November 7, 2018 | by Bruce Levy

Electricity resilience has become the keystone for government planning, especially in the Caribbean. The region is forging new resilience programs to mitigate and adapt to climate change impacts. These programs will determine the type and location of the future electricity supply for many Caribbean Islands. Moving from vision to action means building consensus on where, how and when to implement new clean energy projects to meet those targets. Easier said than done! This feat is particularly challenging for governments and utilities that are balancing many priorities. Meeting these goals will, in most cases, require change – change in what types of generating plants are constructed, where they are constructed and who will build, finance, and operate these facilities when built.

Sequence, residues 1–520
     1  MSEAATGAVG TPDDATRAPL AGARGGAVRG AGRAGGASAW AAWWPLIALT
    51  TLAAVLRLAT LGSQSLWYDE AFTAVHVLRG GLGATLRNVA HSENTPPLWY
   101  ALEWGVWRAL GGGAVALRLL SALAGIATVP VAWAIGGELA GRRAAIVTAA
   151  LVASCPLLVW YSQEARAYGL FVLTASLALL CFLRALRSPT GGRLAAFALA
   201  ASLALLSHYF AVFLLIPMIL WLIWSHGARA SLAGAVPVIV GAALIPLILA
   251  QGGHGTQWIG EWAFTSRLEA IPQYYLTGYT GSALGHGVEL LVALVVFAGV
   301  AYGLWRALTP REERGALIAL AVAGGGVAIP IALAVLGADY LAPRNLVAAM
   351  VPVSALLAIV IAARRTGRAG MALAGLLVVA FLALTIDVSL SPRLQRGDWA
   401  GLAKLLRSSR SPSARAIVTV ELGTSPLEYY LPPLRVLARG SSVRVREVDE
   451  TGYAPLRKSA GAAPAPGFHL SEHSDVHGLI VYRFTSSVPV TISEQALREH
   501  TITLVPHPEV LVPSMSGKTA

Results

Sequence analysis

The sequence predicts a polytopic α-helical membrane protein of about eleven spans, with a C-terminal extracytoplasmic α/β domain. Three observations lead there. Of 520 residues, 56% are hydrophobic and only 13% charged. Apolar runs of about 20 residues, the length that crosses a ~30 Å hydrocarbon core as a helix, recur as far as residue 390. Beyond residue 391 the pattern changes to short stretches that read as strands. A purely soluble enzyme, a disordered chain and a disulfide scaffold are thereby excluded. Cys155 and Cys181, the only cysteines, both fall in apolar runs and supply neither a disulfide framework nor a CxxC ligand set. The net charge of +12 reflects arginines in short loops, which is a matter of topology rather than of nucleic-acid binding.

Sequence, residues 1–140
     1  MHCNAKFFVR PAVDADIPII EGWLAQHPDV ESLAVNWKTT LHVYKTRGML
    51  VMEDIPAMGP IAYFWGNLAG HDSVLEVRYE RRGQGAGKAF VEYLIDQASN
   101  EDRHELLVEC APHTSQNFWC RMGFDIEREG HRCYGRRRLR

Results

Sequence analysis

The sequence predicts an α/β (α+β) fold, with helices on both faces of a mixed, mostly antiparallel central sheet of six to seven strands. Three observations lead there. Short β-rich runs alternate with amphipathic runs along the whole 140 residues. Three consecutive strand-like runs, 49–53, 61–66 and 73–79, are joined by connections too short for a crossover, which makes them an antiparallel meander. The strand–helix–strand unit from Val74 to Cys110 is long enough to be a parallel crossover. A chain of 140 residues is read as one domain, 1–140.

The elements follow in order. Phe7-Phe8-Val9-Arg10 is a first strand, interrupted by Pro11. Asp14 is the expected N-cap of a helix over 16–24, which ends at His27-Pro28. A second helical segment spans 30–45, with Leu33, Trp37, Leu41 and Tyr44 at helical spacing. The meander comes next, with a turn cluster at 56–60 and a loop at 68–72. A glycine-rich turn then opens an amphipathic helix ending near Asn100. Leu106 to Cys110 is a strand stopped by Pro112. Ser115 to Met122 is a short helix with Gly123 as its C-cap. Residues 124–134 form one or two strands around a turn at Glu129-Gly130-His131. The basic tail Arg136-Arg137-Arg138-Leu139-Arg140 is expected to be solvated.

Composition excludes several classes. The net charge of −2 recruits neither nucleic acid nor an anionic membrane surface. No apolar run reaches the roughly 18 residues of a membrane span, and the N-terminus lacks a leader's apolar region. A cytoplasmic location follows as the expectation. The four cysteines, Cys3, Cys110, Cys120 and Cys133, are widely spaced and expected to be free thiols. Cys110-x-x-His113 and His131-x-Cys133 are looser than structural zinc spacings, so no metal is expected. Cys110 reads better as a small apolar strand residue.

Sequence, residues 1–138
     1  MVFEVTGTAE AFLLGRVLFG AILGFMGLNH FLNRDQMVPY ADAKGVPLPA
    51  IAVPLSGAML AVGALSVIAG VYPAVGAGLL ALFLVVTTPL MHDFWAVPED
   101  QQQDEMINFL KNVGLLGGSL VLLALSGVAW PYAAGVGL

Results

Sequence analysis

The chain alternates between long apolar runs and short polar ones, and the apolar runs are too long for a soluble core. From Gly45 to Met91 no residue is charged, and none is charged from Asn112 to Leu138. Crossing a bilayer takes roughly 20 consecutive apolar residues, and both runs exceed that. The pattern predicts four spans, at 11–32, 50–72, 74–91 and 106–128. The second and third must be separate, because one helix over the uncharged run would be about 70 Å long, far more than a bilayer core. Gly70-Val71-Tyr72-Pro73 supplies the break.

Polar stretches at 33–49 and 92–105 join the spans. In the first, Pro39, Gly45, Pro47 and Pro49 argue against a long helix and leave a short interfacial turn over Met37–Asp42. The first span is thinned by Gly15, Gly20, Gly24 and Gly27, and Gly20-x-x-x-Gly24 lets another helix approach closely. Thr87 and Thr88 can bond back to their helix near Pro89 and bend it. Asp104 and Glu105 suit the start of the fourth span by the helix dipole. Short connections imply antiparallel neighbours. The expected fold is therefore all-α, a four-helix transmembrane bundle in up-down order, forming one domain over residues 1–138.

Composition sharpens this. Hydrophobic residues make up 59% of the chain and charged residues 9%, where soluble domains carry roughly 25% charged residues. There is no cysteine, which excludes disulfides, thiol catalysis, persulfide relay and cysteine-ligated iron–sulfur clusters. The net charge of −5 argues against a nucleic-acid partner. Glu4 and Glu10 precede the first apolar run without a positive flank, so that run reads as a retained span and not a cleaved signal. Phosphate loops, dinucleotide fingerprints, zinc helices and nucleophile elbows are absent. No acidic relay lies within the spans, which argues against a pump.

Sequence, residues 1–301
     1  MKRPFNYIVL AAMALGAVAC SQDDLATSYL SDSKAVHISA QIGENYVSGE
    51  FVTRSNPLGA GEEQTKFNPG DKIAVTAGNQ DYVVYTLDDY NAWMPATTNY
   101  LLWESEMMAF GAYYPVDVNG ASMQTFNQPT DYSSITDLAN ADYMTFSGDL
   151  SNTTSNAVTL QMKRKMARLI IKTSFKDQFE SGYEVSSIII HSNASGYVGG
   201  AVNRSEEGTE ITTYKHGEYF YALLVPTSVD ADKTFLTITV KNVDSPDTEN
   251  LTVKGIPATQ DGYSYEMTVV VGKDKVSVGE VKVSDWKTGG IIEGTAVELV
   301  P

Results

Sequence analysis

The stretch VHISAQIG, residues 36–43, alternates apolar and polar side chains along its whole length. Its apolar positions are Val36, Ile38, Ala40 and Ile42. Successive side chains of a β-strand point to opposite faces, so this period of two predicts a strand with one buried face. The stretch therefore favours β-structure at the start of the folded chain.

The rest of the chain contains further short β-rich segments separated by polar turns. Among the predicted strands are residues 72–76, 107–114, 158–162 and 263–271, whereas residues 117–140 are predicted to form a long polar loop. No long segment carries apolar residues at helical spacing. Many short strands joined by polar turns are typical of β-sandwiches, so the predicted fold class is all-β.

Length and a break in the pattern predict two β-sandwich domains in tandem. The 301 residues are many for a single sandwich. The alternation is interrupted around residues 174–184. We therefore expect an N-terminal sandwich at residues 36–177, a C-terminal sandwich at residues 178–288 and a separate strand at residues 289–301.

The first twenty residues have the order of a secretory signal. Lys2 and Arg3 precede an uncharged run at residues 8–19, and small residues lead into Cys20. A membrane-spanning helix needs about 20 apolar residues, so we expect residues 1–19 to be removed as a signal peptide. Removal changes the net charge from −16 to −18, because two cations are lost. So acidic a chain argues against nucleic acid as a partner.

How to fund the cost of these mitigation and adaptation programs creates additional layers of complexity. Best practices can make the decision process more effective and translate policy into real projects with real impact. Government agencies will need to carefully seek, vet and prioritize proposals from credible private developers that can deliver on proposed plans. On the other side, energy developers and project managers should establish clear, open dialogue and work within the community to get municipal buy-in.

For government leaders: Developing criteria